Dystopian Imagination in Margaret Atwood's Handmaid's Tale and Aldous Huxley's Brave New World

Topics: Science fiction, The Handmaid's Tale, Totalitarianism Pages: 5 (1650 words) Published: May 29, 2012
Literature as a whole grows and changes from generation to generation. Each age has its own particular point of interest and its own particular way of thinking and feeling about things. So the literature which it produces is governed by certain prevailing tastes.

Modern age is a complex age and the changing attitude of this period has influenced thought and literature of this period too. Of all forms of literature, fiction dominated the twentieth century as it reflected the currents and forces that were shaping and moulding society. The twentieth century with its complexities of Communism, Capitalism, Democracy and various other political doctrines, changing pattern of women’s position in society and dominance of science and scientific research caused a new kind of imaginative writing in the form of ‘dystopian fiction’ that blended modernism and social realism in one form.

Dystopian fiction records the contemporary social trends and projects them into imaginative reality, while stretching them to extremes to forewarn that taking anything beyond its limits can have drastic consequences. Dystopian fiction attempts social criticism as it has opened new ways of seeing and feeling about things. Although dystopian fiction lacks basic essentials of novel writing such as characterisation, psychological realism and suspense, it is still quite powerful and popular means of presenting a vision of distorted tomorrow that results from present itself.The major feature of anti-utopian fiction is that it revolves around conflict, which results from certain weakness or inefficiency in the society or system it depicts.Thus the dystopian fiction often revolves around dramatic conflict between society which is very often a totalitarian society and a protagonist, who is a non- conformist. In The Handmaid's Tale it is the conflict between Gilead and Offred who believes that something is terribly wrong with this society. The conflict here is internal one as she manipulates the circumstances of getting out of this so-called 'perfect society'. On the other hand the conflict in Brave New World is both internal and external. It becomes internal when the protagonist John or the Savage feels distressed with the World State and its spiritual vacuity. The conflict becomes external in John's questioning of Mustapha Mond's 'utopia' and his rejection of this supposedly 'happy society'. The conflict in the dystopian novel arises from the central idea of the novel. An idea that becomes a commanding passion and moves the plot ahead. Margaret Atwood's The Handmaid's Tale revolves around the revival of religious fanaticism and how this conservative totalitarian theocracy has made its citizens more or less captives.Thus the novel becomes the study of survival. Similarly Huxley builds the plot of Brave New World on the idea of staying human in the high-tech and materialistic society. Huxley's vision moves on the premise whether the satisfaction of material wants and mindless pleasures would overpower the desire for freedom. The dystopian fiction often discusses ideas of its author and to save it from monotony and boredom, the novelist amuses his readers by the ingenious management of setting and detail. As the dystopian socities are often set in future, the novelist makes readers identify the trends that would lead to dystopian vision. Atwood and Huxley in their respective visions strain our senses of the probable, but they do not uproot us from the real world.The Handmaid's Tale and Brave New World depict totalitarian states as extensions of the trends and patterns of contemporary real world as already discussed in previous chapters. Since the twentieth century novels that have been discussed in previous chapters are dystopias, they share some common traits of dystopian fiction. Both novels depict totalitarian societies. The worlds of The Handmaid’s Tale and Brave New World are governed by...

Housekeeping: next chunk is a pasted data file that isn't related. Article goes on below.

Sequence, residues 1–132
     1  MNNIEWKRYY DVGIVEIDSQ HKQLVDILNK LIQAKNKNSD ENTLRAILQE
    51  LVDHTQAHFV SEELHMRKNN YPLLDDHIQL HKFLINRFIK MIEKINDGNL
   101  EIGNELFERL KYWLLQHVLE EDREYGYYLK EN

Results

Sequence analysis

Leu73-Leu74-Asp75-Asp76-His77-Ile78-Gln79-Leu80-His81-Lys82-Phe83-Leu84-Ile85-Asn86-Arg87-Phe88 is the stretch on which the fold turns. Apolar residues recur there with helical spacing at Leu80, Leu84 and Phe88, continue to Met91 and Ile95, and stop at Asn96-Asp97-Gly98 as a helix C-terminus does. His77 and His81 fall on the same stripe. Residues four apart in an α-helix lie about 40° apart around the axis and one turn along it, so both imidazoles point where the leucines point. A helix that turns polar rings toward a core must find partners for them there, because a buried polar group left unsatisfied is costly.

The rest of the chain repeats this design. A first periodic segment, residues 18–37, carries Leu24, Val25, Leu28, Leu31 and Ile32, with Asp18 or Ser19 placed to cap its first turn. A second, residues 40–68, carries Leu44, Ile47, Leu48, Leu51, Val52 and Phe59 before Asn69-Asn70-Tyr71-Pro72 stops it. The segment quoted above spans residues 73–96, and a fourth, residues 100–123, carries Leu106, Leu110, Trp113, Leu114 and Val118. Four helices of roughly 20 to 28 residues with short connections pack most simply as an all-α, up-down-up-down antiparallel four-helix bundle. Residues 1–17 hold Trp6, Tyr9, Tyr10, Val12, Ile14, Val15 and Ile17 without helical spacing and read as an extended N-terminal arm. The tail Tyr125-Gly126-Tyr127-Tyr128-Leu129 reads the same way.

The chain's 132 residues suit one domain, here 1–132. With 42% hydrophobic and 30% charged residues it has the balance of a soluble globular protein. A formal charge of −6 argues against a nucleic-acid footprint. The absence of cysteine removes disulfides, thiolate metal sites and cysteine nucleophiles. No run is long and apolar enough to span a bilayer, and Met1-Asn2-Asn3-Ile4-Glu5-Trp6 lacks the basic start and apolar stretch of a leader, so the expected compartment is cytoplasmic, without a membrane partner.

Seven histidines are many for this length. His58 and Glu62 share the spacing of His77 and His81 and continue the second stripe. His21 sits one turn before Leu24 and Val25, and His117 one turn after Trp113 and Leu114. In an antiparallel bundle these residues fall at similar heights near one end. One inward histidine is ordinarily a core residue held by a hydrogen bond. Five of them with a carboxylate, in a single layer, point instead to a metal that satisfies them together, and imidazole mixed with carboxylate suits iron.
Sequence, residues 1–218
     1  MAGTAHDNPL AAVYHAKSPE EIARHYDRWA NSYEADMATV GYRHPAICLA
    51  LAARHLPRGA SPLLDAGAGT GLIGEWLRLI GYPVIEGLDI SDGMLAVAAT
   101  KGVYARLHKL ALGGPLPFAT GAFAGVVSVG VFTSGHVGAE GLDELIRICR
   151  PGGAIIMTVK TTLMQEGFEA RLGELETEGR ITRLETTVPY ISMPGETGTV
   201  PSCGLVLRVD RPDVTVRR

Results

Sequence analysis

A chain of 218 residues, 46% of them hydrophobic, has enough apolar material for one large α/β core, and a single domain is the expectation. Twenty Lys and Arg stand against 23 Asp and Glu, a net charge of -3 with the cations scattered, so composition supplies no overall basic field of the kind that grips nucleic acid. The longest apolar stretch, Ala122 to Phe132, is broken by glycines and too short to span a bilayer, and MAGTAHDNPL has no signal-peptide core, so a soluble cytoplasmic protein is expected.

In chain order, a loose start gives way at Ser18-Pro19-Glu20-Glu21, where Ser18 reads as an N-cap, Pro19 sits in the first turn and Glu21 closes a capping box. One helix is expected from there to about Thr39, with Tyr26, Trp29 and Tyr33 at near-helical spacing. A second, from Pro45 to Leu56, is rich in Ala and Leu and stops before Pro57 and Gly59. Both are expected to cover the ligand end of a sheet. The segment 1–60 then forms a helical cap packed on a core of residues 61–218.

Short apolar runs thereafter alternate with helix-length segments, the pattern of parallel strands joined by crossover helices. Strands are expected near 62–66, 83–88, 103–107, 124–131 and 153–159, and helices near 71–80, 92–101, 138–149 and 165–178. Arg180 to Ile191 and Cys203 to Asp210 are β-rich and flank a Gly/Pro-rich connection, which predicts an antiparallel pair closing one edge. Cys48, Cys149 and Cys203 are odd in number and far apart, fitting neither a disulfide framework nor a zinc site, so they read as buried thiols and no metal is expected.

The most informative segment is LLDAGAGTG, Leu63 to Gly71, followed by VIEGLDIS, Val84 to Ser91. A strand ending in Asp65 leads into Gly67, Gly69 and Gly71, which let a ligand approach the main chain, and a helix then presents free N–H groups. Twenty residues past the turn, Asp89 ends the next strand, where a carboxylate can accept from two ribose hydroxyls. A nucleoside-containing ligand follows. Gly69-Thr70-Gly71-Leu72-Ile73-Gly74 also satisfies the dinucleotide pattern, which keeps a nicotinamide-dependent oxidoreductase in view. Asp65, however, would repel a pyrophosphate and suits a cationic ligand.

Continue Reading

Please join StudyMode to read the full document

You May Also Find These Documents Helpful

  • Dystopian Stories: Handmaids Tale Versus Brave New World Essay
  • Aldous Huxley and the Brave New World Essay
  • Brave New World
  • Brave new world Essay
  • A Summary of Aldous Huxley's Brave New World Essay
  • Aldous Huxley Brave New World Essay
  • A Brief Summary of Aldous Huxley's Brave New World Essay
  • A Summary of Aldous Huxley's Brave New World Essay

Become a StudyMode Member

Sign Up - It's Free